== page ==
Luray "Dig" CD
Evocative music can be some of the best. And musician Shannon Carey, who performs under the moniker Luray, has a particular knack for doing just that. Her songs feel welcoming, yet elusive, like a long-forgotten photograph you find at the bottom of a box, a memory that gets hazier with each passing year.
"My songs tell me what’s going on with me, like my unconscious trying to get my attention," explains Carey, who had plenty to unravel in her life leading up to the recording of her sophomore full length, 'Dig.' "My marriage broke up while I was writing this album and the songs started to speak to me about my relationship and what I was hoping for and holding onto. What I wasn’t letting myself acknowledge. I moved to Richmond and set to finishing the songs for the record. I wrote more songs about how it felt to lose, and how it felt to be starting over."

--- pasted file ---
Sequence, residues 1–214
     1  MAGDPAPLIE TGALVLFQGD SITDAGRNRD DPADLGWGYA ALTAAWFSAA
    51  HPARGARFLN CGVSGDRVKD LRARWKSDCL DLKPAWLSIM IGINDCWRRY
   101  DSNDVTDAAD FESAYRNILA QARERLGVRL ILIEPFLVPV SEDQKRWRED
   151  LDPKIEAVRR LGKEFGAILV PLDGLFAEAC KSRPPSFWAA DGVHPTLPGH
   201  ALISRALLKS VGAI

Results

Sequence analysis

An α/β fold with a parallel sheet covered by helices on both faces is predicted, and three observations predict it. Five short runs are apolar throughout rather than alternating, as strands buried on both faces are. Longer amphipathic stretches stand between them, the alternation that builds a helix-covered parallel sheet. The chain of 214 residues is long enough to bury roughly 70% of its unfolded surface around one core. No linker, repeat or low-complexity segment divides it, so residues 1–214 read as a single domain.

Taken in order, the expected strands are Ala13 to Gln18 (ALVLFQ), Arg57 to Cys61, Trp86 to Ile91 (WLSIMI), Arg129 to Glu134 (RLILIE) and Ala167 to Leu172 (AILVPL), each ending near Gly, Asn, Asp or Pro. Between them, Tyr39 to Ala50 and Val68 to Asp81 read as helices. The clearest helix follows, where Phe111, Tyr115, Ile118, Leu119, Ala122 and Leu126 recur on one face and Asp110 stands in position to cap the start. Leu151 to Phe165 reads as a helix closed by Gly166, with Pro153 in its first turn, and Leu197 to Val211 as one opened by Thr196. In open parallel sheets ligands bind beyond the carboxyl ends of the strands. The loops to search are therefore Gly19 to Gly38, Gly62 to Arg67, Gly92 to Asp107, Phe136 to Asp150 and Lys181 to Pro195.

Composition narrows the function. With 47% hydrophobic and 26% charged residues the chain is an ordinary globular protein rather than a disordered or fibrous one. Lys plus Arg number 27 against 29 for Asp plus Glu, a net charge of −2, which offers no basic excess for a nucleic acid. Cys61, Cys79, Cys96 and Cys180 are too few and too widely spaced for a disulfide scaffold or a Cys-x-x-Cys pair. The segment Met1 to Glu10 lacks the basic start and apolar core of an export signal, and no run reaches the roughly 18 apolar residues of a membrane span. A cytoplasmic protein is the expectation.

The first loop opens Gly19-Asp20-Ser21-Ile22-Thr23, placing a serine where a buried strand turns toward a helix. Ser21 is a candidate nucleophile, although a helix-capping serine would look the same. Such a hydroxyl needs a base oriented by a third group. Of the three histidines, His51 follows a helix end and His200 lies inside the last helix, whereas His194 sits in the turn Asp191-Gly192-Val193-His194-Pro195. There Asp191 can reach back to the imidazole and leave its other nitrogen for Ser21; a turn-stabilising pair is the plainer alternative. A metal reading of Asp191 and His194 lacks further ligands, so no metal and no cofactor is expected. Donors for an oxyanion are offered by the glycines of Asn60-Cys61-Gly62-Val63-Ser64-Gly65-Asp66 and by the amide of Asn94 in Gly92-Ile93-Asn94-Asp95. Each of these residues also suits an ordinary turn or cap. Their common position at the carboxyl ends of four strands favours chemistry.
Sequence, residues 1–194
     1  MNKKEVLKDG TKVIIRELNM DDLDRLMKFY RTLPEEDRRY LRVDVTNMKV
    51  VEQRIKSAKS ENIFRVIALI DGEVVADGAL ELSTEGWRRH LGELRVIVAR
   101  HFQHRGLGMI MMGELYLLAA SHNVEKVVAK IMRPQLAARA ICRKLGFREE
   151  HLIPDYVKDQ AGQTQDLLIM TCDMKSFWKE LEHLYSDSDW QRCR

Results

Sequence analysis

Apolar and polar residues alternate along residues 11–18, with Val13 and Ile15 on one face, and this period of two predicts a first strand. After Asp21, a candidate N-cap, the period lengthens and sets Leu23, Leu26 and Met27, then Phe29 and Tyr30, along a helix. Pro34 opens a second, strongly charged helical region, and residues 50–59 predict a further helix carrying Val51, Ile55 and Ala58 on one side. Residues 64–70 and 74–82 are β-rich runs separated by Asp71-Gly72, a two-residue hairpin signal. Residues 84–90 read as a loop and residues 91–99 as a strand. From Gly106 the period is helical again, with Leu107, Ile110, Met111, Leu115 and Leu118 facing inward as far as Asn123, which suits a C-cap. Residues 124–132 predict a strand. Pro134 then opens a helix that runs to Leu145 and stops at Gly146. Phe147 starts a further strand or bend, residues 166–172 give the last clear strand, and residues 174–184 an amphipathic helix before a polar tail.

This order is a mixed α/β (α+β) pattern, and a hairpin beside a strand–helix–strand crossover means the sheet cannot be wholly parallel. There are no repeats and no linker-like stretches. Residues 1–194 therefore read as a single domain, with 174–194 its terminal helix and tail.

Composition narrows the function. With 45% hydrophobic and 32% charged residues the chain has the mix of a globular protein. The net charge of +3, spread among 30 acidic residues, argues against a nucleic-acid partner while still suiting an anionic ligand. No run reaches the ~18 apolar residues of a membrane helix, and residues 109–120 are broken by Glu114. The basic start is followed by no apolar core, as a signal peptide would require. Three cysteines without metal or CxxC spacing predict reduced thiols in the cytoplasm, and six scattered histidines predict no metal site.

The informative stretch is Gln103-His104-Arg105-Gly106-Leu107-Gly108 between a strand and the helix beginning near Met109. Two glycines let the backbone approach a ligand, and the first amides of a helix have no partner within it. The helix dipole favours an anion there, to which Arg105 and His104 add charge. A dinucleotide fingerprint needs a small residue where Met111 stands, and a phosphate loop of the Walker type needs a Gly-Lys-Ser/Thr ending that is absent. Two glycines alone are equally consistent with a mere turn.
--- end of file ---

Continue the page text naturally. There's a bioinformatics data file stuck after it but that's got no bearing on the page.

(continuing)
Although Carey has called Richmond, Virginia home for a number of years, her music has an inescapable imprint of her Wisconsin upbringing. And it's back in Eau Claire, Wisconsin that she set about recording the album, enlisting her brother Sean Carey (aka S. Carey and member of Bon Iver) to produce. "The band drove out to Wisconsin and met up with Sean and engineer Brian Joseph, who had just completed building his own studio, which he called The Hive. It's in the woods and feels very ‘Northern Wisconsin’ -feels like a little haven from the world." The Hive became the perfect locale to capture such a personal collection of songs. "It’s hard to explain how intimate the recording process was, but it felt very insular and almost delicate. After the end of that relationship that had been so central, I felt a little fragile and obviously in transition. Sometimes you can hear something tentative in my vocals. I had been getting my new life together for the past year, but it still felt strange."
The eleven songs that came to form 'Dig' provide a stolen glance at a snapshot of Shannon Carey's life, yet invite listeners into the story to explore for themselves. It also marks the closing of one chapter and the beginning of the next.